Abby owned her own tea company for 5 years. She started that business to learn more about plants. Part of the reason she ended the business was because she didn't have a direct connection with the plants after ordering the bulk herbs from all over the world. Now she wildcrafts and grows her herbs.
It's easy to get frustrated when first making your own tea blends. Blending tea is truly an art! Students in Wildcrafted Herb School learned to do this during their first weekend.
Here are a few tips they learned to make it easy for you to make a delicious, nourishing cup of herbal tea:
-The biggest mistake new herbalists make is adding too many herbs to their blends. That just dilutes the power of each herb. Start off with simples-one herb at a time-and get to know the taste and feel of that herb in your body. Then make a blend of just a few. Abby likes tea blends with just 3 herbs when possible.
-To keep the number of herbs in the blend low, choose herbs that have multiple benefits that you're looking for. For example, catnip is antiinflammatory and supports the digestive system.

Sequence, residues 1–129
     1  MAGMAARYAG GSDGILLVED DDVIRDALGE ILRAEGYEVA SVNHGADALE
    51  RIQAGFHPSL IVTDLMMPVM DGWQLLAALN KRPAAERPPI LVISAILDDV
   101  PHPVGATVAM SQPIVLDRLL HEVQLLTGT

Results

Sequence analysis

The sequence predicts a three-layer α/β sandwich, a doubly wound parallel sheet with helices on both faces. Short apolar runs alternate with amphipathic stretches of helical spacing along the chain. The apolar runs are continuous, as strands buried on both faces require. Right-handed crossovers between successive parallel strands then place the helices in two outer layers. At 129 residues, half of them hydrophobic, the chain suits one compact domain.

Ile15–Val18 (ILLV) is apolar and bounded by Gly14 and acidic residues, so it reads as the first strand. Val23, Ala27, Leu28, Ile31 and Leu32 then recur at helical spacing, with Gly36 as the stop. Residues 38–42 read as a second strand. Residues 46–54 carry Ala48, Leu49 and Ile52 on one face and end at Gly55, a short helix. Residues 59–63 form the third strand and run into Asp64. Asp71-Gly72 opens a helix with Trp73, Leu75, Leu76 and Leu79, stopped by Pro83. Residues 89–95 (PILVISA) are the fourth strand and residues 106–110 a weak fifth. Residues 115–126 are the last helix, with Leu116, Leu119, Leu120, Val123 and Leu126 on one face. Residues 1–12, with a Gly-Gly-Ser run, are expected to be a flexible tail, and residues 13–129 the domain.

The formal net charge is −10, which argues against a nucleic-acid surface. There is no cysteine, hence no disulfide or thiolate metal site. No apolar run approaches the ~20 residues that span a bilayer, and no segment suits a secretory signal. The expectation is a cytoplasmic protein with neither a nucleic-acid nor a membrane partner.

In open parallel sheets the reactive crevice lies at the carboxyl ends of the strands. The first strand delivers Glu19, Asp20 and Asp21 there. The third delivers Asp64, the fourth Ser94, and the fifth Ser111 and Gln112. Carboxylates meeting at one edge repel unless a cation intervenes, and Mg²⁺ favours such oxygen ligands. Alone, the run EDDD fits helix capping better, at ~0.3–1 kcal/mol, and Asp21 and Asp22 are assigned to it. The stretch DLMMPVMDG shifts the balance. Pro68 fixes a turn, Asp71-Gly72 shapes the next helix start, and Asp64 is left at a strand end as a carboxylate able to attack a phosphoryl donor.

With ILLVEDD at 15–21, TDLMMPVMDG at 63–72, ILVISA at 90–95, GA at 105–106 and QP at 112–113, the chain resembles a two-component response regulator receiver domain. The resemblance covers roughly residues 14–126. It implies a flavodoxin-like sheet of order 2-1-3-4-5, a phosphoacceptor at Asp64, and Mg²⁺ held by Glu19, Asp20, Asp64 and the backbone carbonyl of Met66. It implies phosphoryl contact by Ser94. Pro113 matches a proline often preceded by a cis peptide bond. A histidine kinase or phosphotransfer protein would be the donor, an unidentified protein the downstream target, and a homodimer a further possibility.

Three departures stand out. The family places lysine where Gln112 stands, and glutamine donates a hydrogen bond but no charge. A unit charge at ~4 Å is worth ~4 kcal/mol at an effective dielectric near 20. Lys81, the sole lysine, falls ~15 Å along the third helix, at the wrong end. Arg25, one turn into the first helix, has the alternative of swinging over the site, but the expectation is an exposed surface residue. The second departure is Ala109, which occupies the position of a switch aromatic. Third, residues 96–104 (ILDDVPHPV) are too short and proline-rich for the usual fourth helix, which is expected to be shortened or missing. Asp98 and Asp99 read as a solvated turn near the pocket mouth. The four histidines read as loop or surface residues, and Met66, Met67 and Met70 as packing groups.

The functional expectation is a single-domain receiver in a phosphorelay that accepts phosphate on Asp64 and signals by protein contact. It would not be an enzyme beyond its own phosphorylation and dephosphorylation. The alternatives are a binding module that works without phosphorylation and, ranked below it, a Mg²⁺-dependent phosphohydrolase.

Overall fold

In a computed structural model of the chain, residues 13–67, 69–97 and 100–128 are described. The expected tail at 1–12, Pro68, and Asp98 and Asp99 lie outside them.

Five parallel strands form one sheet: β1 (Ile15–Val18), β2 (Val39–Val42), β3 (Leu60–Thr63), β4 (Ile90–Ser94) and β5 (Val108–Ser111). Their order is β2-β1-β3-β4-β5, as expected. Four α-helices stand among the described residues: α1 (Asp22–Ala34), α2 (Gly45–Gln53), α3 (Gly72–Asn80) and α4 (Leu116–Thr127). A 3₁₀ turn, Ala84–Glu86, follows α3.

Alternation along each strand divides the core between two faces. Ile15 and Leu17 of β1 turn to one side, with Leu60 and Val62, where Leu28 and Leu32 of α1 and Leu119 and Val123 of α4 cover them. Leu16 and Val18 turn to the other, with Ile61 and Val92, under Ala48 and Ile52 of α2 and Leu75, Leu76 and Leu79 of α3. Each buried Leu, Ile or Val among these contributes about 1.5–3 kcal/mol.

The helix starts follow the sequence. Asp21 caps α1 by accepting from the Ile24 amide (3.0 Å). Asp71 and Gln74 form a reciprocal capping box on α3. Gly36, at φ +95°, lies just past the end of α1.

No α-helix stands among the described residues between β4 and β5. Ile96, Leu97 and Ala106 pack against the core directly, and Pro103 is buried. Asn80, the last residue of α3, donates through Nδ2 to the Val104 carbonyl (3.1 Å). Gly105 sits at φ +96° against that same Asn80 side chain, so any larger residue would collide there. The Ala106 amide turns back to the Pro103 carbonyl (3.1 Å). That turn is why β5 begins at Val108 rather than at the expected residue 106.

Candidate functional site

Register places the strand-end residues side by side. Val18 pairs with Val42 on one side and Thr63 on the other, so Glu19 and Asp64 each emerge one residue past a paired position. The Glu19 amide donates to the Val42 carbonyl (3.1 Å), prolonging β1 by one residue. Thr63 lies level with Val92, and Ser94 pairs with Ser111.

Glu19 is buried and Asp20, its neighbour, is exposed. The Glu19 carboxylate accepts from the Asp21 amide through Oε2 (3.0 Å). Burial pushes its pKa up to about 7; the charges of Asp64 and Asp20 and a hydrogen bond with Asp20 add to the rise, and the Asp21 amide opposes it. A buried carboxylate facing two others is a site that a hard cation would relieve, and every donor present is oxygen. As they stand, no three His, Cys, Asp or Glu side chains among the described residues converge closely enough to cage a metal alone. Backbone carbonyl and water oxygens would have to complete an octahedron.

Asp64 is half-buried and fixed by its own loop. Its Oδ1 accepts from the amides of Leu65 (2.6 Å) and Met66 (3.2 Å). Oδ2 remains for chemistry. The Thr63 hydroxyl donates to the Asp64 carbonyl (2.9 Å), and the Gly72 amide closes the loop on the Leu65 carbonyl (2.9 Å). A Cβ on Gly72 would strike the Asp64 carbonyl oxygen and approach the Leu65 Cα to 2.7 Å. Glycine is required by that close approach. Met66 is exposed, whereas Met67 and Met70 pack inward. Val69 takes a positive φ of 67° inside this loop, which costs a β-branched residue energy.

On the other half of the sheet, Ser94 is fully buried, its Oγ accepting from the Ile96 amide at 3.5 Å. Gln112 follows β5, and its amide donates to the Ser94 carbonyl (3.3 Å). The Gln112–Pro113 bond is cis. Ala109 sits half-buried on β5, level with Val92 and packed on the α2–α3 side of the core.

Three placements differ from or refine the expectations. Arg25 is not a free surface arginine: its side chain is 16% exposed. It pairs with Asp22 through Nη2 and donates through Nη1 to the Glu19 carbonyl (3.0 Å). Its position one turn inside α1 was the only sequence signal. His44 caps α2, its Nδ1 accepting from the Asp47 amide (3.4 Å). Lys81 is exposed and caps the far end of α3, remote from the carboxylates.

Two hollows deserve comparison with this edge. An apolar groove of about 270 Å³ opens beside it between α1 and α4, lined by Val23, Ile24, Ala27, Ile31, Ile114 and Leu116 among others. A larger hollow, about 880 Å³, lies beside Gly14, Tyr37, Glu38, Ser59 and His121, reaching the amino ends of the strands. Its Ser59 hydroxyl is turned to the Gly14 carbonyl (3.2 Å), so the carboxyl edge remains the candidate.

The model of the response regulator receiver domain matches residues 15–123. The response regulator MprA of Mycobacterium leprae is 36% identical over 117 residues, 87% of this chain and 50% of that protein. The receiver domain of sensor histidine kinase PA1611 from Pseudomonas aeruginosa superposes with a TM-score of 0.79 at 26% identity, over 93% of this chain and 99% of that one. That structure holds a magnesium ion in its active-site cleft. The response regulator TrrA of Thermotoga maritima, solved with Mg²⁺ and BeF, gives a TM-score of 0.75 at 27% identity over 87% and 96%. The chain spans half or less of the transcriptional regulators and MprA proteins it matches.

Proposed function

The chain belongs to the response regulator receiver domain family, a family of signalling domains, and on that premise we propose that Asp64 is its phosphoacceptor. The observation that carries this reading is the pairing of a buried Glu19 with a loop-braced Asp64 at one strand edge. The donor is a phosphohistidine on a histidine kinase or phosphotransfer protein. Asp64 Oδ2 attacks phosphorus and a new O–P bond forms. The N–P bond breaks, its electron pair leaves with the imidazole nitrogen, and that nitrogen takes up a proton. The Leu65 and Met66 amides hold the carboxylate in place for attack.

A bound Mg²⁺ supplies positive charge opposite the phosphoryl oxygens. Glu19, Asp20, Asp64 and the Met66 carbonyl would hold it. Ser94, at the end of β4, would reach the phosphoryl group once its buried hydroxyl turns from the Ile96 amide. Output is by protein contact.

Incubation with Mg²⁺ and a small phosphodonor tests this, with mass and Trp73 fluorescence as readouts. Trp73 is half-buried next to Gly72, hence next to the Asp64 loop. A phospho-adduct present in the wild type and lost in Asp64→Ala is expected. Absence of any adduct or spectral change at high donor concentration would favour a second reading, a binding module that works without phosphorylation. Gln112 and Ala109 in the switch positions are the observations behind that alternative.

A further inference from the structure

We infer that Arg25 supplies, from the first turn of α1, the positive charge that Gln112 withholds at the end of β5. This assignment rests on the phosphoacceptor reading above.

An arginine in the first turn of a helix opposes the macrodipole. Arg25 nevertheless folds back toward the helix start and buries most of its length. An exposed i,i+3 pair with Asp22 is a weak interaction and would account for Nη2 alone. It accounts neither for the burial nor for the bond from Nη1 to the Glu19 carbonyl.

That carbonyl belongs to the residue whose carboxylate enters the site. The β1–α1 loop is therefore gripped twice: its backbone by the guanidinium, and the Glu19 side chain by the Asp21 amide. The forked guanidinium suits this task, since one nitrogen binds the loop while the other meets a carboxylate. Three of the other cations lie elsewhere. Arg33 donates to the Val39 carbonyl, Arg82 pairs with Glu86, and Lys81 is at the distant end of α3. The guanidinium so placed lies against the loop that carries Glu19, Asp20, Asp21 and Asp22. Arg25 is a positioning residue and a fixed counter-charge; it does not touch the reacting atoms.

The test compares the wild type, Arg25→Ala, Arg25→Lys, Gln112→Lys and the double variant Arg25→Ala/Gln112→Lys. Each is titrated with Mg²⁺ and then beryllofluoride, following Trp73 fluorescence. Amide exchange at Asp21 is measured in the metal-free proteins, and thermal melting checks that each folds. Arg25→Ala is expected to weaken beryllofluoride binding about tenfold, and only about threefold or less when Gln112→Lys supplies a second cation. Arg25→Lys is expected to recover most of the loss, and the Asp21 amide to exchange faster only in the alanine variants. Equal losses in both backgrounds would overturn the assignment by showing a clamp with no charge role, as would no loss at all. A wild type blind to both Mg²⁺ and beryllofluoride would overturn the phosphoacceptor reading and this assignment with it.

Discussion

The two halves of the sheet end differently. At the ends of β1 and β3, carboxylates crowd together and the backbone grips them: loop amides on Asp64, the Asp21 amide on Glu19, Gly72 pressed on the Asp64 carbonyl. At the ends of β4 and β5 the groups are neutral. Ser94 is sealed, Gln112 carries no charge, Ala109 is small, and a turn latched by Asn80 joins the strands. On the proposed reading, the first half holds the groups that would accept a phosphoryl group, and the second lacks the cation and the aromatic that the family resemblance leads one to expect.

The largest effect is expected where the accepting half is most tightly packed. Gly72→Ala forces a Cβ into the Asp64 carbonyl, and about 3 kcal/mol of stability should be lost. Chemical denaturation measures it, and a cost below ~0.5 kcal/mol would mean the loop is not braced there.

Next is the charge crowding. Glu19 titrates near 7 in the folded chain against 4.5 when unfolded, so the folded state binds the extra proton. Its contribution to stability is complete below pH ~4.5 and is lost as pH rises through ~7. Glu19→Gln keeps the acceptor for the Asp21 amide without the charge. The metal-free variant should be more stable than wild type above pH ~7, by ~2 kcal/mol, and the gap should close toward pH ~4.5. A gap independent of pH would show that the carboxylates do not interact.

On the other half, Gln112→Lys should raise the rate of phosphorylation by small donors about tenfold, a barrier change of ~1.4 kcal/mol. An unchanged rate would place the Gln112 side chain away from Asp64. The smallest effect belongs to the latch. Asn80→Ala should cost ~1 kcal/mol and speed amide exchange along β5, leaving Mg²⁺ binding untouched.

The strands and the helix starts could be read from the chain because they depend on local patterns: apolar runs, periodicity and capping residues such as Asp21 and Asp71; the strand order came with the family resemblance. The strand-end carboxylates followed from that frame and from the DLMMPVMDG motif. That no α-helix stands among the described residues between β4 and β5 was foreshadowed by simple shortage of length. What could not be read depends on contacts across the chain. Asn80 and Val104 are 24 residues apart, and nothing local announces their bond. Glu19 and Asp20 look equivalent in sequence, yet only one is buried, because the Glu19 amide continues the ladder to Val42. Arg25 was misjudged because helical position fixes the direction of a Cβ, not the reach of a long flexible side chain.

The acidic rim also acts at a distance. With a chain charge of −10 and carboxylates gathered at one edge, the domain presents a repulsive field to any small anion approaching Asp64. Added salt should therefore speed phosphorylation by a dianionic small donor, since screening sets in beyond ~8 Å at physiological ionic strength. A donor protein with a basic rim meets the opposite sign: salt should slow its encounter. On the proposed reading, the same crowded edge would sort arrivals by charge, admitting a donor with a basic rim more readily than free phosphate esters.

-Make blends with just hard parts (roots and twigs) or just soft parts (leaves and flowers) of herbs. Then you only need to make a decoction or an infusion, not both. Find out more about what these terms mean in Abby's book The Herbal Handbook for Homesteaders.
-Make a small batch of your tea blend first. Try it a few times and make sure you like it. Then make a larger batch that you keep in a jar(s) in your kitchen so it's always on hand when you want it. Be sure to write down your recipe so you can easily make more or tweak it as needed.
-Last, but possibly most importantly: Make your tea blends taste good! This is more important than you think. If they don't taste good, you won't want to drink them.
Did you try it? How'd it go? What are your favorite blends? Let us know in the comments!
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